Challenge model for Helicobacter pylori infection in human volunteers
- D Y Graham,
- A R Opekun,
- M S Osato,
- H M T El-Zimaity,
- C K Lee,
- Y Yamaoka,
- W A Qureshi,
- M Cadoz,
- T P Monath
- VAMC and Baylor College of Medicine, Houston, TX, USA, Aventis-Pasteur, Marcy l’Etoile, France, and Acambis, Inc, Cambridge, Massachusetts, USA
- Correspondence to:
Dr D Y Graham
Veterans Affairs Medical Center, Rm 3A-320 (111D), 2002 Holcombe Boulevard, Houston, TX 77030, USA;
- Accepted 19 February 2004
- Revised 18 February 2004
Background: A reliable challenge model is needed to evaluate Helicobacter pylori vaccine candidates.
Methods: A cag pathogenicity island negative, OipA positive, multiple antibiotic susceptible strain of H pylori obtained from an individual with mild gastritis (Baylor strain 100) was used to challenge volunteers. Volunteers received 40 mg of famotidine at bedtime and 104–1010 cfu of H pylori in beef broth the next morning. Infection was confirmed by 13C urea breath test (13C-UBT), culture, and histology. Eradication therapy was given four or 12 weeks post challenge and eradication was confirmed by at least two separate UBTs, as well as culture and histology.
Results: Twenty subjects (nine women and 11 men; aged 23–33 years) received a H pylori challenge. Eighteen (90%) became infected. Mild to moderate dyspeptic symptoms occurred, peaked between days 9 and 12, and resolved. Vomitus from one subject contained >103 viable/ml H pylori. By two weeks post challenge gastric histology showed typical chronic H pylori gastritis with intense acute and chronic inflammation. The density of H pylori (as assessed by cfu/biopsy) was similarly independent of the challenge dose. A minimal infectious dose was not found. Gastric mucosal interleukin 8 levels increased more than 20-fold by two weeks after the challenge.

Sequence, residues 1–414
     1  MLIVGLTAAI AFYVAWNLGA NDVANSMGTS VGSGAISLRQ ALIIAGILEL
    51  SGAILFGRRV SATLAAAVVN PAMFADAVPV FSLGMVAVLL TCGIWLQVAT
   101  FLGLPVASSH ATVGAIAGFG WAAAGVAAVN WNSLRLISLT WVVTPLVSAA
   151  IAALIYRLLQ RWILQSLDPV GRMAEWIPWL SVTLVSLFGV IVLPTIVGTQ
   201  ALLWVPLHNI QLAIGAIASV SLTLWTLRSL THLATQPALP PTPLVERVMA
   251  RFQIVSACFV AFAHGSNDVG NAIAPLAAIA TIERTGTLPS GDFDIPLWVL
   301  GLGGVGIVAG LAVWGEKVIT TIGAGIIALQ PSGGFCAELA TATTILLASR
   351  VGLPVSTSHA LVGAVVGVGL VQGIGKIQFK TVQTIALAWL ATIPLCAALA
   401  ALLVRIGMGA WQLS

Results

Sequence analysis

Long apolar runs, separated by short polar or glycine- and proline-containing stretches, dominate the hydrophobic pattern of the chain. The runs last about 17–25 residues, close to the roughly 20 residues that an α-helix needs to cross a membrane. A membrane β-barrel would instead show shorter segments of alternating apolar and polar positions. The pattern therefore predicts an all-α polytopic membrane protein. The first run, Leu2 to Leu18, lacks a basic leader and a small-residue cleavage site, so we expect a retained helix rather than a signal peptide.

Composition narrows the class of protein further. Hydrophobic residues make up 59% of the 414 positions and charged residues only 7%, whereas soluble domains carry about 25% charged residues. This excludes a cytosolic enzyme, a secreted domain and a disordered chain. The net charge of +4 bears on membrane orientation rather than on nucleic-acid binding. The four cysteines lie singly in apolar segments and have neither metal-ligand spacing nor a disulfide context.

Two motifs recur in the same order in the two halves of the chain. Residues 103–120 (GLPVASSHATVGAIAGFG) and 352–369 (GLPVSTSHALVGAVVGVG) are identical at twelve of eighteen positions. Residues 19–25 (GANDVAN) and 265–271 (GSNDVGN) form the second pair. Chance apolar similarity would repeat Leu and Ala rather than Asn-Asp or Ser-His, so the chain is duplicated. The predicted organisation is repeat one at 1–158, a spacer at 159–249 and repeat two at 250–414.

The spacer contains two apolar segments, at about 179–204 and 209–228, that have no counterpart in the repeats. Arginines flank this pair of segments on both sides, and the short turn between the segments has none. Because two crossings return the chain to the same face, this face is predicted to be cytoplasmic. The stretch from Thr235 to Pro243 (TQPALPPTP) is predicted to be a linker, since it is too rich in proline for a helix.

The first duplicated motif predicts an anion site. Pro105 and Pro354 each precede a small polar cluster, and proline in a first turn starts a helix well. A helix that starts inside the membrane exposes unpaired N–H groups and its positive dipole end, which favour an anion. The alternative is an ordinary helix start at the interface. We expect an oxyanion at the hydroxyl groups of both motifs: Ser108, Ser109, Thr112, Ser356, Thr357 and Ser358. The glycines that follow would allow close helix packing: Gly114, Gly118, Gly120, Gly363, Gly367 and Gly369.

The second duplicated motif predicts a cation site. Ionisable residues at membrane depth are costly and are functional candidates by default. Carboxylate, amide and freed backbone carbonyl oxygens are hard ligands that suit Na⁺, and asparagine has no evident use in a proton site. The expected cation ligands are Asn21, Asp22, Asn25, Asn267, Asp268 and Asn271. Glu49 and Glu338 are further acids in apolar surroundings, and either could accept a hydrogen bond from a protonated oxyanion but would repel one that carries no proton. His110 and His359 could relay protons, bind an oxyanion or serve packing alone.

Conclusion: Challenge reliably resulted in H pylori infection. Infection was associated with typical H pylori gastritis with intense polymorphonuclear cell infiltration and interleukin 8 induction in gastric mucosa, despite absence of the cag pathogenicity island. Experimental H pylori infection is one of the viable approaches to evaluate vaccine candidates.